Blog Archives

How to Use Group Learning Effectively

Group learning is becoming more popular today.  There are different forums for this such as consortiums, networking groups, non-profit organizations, conferences and symposiums to name a few.  At the beginning of the year, I highlight the Smith County Lean Consortium as an example of work being done and the range of organizations that can be involved.

In order to make this type of learning successful, a couple of elements and structure have to be there.  First and foremost, the companies have to be very open.  Open to letting other companies see the work they are doing.  Open to presenting the truth of what they are doing, not a dog and pony show.  Open to honest and candid feedback from outside eyes.  Open to accepting the candid feedback in order to help them improve.  And finally, open to giving honest and candid feedback when they visit another facility.

In short, a safe learning environment needs to be present.

Once a safe learning environment has been established, then the learning process needs to be followed.  Spend some time learning about a concept, a problem, or an organization.  After learning about it, go to where the work is done and understand how to apply the concept in that environment, come up with potential countermeasures for a problem, or give suggestions to move an organization forward.  Finally, discuss what was observed with the host organization.  Help them to improve.  Then discuss how what you learned and saw will help to improve your organization.

I know this sounds simple, but too many organizations create a dog and pony show where they just show off what they have been doing and don’t really address a problem when a learning group visits.  Or they will make it an unsafe learning environment.  Usually it is unintentional.  You will hear comments like, “But our business is different.” or “Great idea, but you haven’t seen the whole picture.”

Group learning can be very effective if done correctly.  It can be cost effective too.  So the next time you want have multiple organizations learning from one another make sure to provide a safe learning environment and follow the learning process.

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Lean Consortium in Tyler, TX

Three years ago  I was living in Tyler, TX working for Trane.  Tyler is a medium sized town of about 100,000 people and has a lot of industry.  Goodyear had just shut down their plant there.  I knew that lean would have helped them.

My passion for lean needed an outlet.  I decided to write several organizations across the city about starting a lean consortium.  I even called the mayor.  To my surprise, there was a lot of interest.  Approximately 80% of the organizations called me back and wanted to meet.  Including the mayor.  His office called and put me in touch with the city manager.

I met with several manufacturing facilities, both hospitals, the city manager, the president of Tyler Junior College, and senior executives from Brookshires Grocery, the regional grocery chain.

After a year of one-on-one meetings and lunches, we had a group meeting.  Joe Rizzo who was leading the Jacksonville, Fl consortium was kind enough to fly into Tyler and give us some background in setting up a consortium.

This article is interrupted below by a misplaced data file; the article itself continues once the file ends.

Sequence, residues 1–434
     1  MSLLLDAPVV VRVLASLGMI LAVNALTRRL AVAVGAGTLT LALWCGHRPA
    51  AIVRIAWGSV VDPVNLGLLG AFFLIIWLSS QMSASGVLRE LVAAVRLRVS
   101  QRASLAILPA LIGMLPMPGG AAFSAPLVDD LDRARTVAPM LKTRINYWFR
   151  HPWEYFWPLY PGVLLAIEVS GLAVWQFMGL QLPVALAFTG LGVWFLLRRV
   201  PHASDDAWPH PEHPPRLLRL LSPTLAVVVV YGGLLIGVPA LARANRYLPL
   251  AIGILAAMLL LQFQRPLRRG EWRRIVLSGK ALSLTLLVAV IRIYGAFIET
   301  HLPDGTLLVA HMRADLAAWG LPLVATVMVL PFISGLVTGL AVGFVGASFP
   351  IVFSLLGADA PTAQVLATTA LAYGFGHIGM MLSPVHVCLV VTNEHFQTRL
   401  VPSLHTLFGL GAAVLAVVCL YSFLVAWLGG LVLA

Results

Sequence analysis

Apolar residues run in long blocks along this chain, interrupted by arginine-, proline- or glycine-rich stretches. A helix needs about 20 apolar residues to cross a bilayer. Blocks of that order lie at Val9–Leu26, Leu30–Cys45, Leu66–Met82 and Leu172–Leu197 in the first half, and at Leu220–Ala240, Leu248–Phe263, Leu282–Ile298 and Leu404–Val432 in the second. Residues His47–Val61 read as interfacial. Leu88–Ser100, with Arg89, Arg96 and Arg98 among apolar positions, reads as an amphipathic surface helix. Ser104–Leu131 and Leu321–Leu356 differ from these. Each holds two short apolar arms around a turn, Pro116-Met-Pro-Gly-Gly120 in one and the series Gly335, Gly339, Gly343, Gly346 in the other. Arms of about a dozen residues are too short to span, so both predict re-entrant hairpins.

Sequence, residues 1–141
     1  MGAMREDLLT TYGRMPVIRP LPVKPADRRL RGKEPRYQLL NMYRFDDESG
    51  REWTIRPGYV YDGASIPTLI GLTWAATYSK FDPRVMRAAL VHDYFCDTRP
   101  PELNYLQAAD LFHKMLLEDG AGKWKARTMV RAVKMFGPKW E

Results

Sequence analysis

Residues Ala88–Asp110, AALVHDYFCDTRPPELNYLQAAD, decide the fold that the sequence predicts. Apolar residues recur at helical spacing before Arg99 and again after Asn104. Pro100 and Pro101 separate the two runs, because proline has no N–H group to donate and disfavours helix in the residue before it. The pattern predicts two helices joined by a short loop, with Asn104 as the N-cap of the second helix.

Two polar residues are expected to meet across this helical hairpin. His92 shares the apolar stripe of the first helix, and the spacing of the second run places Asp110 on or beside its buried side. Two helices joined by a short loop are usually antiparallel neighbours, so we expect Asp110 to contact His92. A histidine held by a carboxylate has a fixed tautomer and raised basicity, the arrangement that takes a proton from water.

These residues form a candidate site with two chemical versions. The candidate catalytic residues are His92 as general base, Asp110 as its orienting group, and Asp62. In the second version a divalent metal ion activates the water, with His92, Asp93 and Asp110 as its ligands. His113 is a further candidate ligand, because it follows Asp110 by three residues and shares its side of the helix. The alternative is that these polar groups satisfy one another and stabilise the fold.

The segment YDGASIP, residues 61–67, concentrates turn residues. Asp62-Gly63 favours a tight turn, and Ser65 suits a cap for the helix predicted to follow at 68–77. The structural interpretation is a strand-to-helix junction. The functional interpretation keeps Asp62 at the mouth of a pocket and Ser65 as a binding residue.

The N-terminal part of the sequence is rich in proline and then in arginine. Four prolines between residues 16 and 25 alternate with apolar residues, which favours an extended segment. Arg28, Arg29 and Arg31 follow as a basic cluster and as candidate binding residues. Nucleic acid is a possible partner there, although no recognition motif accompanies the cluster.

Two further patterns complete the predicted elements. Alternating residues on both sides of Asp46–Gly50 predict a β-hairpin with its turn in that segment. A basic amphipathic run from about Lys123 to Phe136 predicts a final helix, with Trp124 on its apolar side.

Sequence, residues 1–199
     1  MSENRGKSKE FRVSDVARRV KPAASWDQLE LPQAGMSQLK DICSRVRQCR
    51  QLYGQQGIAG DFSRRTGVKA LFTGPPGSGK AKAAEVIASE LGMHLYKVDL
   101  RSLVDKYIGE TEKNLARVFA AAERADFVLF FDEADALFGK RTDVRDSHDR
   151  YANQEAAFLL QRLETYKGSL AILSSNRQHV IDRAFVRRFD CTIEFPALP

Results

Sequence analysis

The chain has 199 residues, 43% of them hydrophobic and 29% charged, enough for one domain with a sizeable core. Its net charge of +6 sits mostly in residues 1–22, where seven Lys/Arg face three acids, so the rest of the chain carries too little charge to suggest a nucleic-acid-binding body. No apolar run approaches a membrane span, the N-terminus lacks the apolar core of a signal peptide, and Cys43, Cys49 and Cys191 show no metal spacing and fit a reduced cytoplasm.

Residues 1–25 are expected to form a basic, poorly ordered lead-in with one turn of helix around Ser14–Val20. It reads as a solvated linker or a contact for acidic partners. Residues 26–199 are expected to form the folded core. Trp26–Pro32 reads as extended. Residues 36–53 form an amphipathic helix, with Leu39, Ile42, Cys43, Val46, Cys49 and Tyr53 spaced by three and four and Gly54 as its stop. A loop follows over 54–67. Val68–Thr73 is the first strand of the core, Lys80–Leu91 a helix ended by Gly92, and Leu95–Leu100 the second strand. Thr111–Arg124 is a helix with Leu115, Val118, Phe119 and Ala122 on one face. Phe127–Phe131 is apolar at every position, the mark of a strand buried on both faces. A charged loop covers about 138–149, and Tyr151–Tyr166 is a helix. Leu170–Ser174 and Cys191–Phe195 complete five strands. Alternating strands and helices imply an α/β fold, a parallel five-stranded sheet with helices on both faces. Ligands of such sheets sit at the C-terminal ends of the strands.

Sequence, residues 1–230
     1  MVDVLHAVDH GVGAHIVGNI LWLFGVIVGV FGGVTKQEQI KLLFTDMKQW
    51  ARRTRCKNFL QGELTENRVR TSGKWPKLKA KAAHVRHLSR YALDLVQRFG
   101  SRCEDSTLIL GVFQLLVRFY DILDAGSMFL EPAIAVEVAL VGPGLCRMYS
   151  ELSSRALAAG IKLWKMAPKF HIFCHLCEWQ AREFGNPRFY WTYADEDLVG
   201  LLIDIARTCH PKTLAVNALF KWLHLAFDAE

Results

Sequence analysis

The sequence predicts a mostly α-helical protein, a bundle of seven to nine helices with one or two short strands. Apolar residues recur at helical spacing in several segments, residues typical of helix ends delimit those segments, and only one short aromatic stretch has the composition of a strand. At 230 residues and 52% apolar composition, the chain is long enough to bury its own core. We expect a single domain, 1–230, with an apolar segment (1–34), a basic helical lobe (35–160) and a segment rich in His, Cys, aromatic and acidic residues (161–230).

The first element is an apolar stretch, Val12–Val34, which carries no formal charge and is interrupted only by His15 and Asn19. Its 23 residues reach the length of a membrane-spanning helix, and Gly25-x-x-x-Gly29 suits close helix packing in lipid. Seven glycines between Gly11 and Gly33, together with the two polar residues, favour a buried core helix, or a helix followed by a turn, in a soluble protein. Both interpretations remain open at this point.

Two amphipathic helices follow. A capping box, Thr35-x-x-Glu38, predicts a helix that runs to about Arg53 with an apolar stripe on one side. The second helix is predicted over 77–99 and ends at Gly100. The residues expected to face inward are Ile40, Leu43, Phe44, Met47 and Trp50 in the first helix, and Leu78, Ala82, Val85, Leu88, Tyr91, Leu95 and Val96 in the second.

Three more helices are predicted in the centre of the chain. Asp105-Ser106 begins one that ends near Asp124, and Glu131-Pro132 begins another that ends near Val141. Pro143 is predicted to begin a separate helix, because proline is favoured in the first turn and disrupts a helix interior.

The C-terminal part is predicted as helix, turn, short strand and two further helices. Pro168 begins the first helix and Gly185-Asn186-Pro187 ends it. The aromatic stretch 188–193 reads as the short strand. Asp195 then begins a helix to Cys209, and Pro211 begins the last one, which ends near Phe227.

A few of us had a couple more meetings and were on the verge of starting the consortium when my family and I ended up moving to Kansas City.  I kept in touch for a few months but we lost contact.  I was hoping the consortium had enough momentum to continue but wasn’t sure.

Last week, I got an e-mail with a link to an article about the Smith County Lean Consortium.  The consortium has been going strong for 2 years now.

About two years ago, after Hood Packaging had already begun to implement lean practices, the business joined the newly formed Smith County Lean Consortium.

Hood was one of the companies I met with that committed to the consortium.  The had been using lean and were very open to sharing.  Another company I met with was Brookshire’s Grocery.  They were the big regional family owned grocery chain.

Scott Reily, senior vice president of logistics for Brookshire Grocery Co., said when Brookshire’s was first approached about the consortium, the company was already looking at continuous improvement efforts.

He and other leaders of corporate development at Brookshire’s formed a team to go through training and come up with continuous improvement initiatives.

He said the lean concept is all about making small improvements – looking at every process, breaking it down and asking how it can be done better.


There are several companies that have joined the consortium.

Entities involved in the consortium from the beginning are Hood Packaging, Brookshire’s, TEEX/TMAC, Vesuvius, the city of Tyler, Smith County and Tyler Junior College.

Other members include Air Rover, Cardinal Health, Distant Lands Coffee, Luminant and Teknor.

I can’t express how happy I am that the consortium has been continuing one and educating organizations in the area on lean.  What really moved me was that after 2 years they were kind enough to mention my part in starting the consortium.  It was something they didn’t have to do, but did.  It meant a lot to me.  I want to say thanks to the consortium for doing that and I wish them continued success as they move forward.